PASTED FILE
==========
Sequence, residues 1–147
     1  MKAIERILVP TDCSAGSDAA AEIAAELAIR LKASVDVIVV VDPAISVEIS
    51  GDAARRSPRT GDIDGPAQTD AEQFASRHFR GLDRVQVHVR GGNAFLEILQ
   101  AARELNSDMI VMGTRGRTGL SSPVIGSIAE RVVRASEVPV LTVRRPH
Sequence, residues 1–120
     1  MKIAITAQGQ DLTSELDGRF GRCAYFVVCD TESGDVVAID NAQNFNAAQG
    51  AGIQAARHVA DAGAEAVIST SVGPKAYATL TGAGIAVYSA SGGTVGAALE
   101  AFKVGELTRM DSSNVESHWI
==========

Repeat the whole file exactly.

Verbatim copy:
Sequence, residues 1–147
     1  MKAIERILVP TDCSAGSDAA AEIAAELAIR LKASVDVIVV VDPAISVEIS
    51  GDAARRSPRT GDIDGPAQTD AEQFASRHFR GLDRVQVHVR GGNAFLEILQ
   101  AARELNSDMI VMGTRGRTGL SSPVIGSIAE RVVRASEVPV LTVRRPH
Sequence, residues 1–120
     1  MKIAITAQGQ DLTSELDGRF GRCAYFVVCD TESGDVVAID NAQNFNAAQG
    51  AGIQAARHVA DAGAEAVIST SVGPKAYATL TGAGIAVYSA SGGTVGAALE
   101  AFKVGELTRM DSSNVESHWI